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Home > Catalog > |Antiquities| > |Antiquities by Type| > |Oil Lamps| > AL93891
Judaean Kingdom - Roman Judaea, Herodian Oil Lamp, c. 25 B.C. - 100 A.D.
This simple but elegant lamp design was developed during the reign of Herod, and thus they are called Herodian Lamps today. The type is found throughout all of Israel, especially in Jewish towns and areas, such as Jerusalem and Judea. Some have been found in Jordan. It is believed to be a type used mainly by Jews. They remained in common use until the end of the first century. The latest examples, from the middle of the second century, have been found in Judean Desert caves. Attempts have been made to more precisely date some of these lamps based on variations, however, excavations indicate the variations are simultaneous.

Chips in the filling hole edge are very common and were apparently often made intentionally by their ancient owners. Perhaps the larger hole made filling it easier or perhaps the hole was enlarged to retrieve a wick that fell inside. Despite this interesting historical feature, we will not charge you extra for the extra large hole. In fact, this lamp is considerably cheaper than a similar lamp without the chip.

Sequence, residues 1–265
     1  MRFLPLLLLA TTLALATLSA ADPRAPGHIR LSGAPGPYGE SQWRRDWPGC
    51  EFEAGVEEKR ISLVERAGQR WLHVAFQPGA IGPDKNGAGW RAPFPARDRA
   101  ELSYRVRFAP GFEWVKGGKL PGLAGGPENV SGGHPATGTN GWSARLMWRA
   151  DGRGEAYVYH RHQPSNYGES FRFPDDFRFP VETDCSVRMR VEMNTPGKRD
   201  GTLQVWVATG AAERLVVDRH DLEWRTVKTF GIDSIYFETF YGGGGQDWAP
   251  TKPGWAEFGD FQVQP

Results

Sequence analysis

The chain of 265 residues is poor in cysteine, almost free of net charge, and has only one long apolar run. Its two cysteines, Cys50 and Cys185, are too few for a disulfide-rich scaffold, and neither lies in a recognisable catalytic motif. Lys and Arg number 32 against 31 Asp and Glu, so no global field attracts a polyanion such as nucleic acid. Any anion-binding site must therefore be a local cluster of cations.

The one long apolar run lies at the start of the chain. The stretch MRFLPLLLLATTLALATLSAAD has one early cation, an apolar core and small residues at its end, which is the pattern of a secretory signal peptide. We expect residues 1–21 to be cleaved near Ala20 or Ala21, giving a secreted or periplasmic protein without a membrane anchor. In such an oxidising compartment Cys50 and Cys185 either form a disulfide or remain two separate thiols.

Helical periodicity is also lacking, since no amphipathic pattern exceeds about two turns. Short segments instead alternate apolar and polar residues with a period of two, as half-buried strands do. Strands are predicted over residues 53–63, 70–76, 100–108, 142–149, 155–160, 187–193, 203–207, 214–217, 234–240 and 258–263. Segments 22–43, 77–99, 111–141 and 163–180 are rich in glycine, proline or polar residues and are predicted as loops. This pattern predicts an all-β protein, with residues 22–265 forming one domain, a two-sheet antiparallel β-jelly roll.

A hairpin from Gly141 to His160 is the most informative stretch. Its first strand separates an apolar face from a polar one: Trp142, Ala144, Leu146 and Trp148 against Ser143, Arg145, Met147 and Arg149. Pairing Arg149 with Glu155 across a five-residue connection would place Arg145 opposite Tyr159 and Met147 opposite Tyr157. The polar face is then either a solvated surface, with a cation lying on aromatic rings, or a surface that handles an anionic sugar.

AL93891. Herodian oil lamp, cf. Adler 3.1.HER.3, 92; Hayes ROM 50; Schloessinger 331 - 332; Bailey BMC -; 9.0 cm (3 1/2") long, 6.2 cm (2 7/16") wide, Average+, cuts in the bottom and side of nozzle, chip in top at filling hole, c. 25 B.C. - 100 A.D.; buff-orange clay, cream slip, rounded wheel made body, nozzle with a splayed shape hand-formed separately and attached, joint between the nozzle and body smoothed with a knife, rim outside narrow discus ledge around filling hole; SOLD

Catalog current as of Sunday, January 26, 2020.
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